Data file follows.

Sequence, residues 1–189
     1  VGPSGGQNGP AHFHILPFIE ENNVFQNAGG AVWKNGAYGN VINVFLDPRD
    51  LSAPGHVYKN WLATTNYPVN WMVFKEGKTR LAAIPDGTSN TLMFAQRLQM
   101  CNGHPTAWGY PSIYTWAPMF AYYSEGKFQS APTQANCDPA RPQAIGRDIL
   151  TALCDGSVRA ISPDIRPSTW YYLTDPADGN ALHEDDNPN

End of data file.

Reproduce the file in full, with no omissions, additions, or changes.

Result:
Sequence, residues 1–189
     1  VGPSGGQNGP AHFHILPFIE ENNVFQNAGG AVWKNGAYGN VINVFLDPRD
    51  LSAPGHVYKN WLATTNYPVN WMVFKEGKTR LAAIPDGTSN TLMFAQRLQM
   101  CNGHPTAWGY PSIYTWAPMF AYYSEGKFQS APTQANCDPA RPQAIGRDIL
   151  TALCDGSVRA ISPDIRPSTW YYLTDPADGN ALHEDDNPN